Last Thursday, 24-year-old Erica Robin made history by winning the inaugural Miss Universe Pakistan pageant held in the Maldives. However, what should have been a moment of celebration has turned into a controversy involving politicians, religious leaders and even the country’s interim prime minister.
Erica Robin, a Karachi-born model with a degree in Business Administration, emerged victorious from the innovative contest. Her victory marked the first time Pakistan participated in the Miss Universe world competition. However, the reaction against her victory has been swift and intense, with critics from various quarters expressing their disapproval.
Islamic scholar Taqi Usmani demanded that the government take action against the pageant organizers and questioned the idea that Robin was “representing Pakistan”.
Politician Mushtaq Ahmed Khan called the event an “insult to Pakistan” and questioned the identity of the organizers.
Robin’s trip to Miss Universe Pakistan amid controversy
Erica Robin’s journey to the Miss Universe Pakistan crown began when Dubai-based agency Yugen Group organized the inaugural pageant and invited applications from Pakistani women. Among hundreds of entries, Robin secured her place among the top 10 contestants and eventually made it to the top five.
Following her victory, she expressed her honor and humility at being the first Miss Universe Pakistan, emphasizing her desire to highlight Pakistani culture and inviting others to explore her country’s rich offerings.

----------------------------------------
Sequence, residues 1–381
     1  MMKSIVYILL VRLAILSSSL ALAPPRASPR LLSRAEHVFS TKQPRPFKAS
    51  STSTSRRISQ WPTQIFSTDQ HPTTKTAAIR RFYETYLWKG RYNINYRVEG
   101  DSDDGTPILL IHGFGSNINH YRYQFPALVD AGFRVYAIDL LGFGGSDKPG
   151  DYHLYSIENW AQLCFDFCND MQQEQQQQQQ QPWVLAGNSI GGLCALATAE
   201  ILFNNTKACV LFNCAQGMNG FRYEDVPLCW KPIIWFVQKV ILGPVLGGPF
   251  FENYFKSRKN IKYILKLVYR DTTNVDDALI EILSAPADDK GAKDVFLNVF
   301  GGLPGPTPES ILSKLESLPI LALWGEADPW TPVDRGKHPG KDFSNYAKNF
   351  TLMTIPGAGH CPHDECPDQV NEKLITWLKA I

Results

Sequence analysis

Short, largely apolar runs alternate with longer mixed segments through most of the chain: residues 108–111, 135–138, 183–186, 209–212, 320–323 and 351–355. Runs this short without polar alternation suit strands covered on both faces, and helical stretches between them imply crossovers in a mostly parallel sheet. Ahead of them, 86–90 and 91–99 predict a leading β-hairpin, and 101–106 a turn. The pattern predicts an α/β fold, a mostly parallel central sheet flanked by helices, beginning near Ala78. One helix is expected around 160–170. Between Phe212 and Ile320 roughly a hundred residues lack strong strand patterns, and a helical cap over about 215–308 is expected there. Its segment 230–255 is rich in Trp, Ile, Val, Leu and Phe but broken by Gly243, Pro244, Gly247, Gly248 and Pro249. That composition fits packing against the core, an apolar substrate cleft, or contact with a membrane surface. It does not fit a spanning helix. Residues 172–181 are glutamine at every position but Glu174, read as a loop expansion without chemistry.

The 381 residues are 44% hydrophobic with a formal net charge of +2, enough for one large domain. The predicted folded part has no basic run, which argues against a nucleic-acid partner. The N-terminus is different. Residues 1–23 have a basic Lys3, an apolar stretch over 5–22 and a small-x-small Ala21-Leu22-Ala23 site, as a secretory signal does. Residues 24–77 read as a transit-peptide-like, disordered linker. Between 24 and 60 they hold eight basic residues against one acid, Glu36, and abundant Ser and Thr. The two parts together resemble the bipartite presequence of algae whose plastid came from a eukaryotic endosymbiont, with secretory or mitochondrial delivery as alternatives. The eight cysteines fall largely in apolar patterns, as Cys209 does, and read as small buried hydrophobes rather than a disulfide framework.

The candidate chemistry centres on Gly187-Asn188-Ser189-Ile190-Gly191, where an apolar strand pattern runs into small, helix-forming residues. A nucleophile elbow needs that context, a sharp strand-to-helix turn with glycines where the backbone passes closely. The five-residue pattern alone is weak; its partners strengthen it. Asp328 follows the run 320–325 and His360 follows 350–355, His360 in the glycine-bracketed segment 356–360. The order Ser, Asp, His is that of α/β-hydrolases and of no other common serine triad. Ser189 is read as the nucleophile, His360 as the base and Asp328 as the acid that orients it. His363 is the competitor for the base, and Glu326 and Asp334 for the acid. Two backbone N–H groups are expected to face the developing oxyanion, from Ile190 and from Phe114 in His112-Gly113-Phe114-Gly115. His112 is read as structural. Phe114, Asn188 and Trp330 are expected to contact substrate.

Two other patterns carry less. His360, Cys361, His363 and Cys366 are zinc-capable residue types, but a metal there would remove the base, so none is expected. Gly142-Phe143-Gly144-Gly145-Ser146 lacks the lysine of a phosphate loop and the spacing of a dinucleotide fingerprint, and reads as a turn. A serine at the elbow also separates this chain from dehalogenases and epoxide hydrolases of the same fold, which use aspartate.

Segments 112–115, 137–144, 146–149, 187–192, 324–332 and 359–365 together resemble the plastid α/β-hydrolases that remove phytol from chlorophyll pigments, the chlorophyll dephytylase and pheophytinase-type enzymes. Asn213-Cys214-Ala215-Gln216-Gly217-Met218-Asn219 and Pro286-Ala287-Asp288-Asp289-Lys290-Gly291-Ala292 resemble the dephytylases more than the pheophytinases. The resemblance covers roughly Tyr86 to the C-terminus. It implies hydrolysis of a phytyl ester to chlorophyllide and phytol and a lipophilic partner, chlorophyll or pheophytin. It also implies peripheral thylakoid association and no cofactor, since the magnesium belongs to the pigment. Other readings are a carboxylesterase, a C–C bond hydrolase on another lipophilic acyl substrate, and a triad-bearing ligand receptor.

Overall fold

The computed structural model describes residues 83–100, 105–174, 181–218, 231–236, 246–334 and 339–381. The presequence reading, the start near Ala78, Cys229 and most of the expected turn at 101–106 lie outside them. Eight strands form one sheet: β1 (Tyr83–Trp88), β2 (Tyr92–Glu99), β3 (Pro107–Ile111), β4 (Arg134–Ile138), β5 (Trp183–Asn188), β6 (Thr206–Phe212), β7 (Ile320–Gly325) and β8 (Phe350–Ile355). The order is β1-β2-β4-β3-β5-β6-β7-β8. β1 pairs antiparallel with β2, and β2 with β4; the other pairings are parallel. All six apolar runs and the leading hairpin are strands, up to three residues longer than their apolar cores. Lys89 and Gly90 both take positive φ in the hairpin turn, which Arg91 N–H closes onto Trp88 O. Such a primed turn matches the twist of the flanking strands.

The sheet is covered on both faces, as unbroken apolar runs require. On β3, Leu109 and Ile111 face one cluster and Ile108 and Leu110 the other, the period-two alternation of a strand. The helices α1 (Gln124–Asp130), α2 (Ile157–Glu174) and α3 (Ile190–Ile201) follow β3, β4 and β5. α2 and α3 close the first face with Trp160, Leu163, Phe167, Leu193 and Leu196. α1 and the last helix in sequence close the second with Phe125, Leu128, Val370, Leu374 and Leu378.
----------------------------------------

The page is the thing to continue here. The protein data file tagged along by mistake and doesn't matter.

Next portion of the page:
“I feel honored and honored to be the first Miss Universe Pakistan and I want to highlight the beauty of Pakistan. We have a beautiful culture that the media does not talk about, the Pakistani people are very generous, kind and hospitable. Besides that, I would like invite everyone to visit my country and taste the most sumptuous Pakistani cuisines and explore our enchanting nature, our snow-capped mountains, our greenery and our progressive landscapes,” he wrote in an Instagram post.
Controversy surrounding the pageant intensified when Prime Minister Anwaar-ul-Haq Kakar’s interim government called for an investigation into the event’s organisers. Kakar called the staging of the pageant a “shameful act” and an “insult and exploitation of the women of Pakistan.”
Pakistan’s Information and Broadcasting Minister Murtaza Solangi said on X (formerly Twitter): ‘The government and State of Pakistan are represented by the State and government institutions. Our government has not appointed any non-state or non-governmental person or institution for such activity and no person/institution can represent the state/government. The end.’
Pakistan’s government has questioned how the competition was held without its approval, considering Pakistan’s conservative Muslim-majority status. While the fallout continues, it remains uncertain whether Erica Robin will be allowed to represent Pakistan at the 72nd Miss Universe World Pageant scheduled for November in El Salvador.
Despite the ongoing debate and backlash, some voices have emerged in support of Erica Robin, emphasizing the importance of representation and condemning misogynistic attitudes.
This incident has ignited debates about the role of beauty pageants in Pakistan and the broader context of women’s rights and empowerment in the country.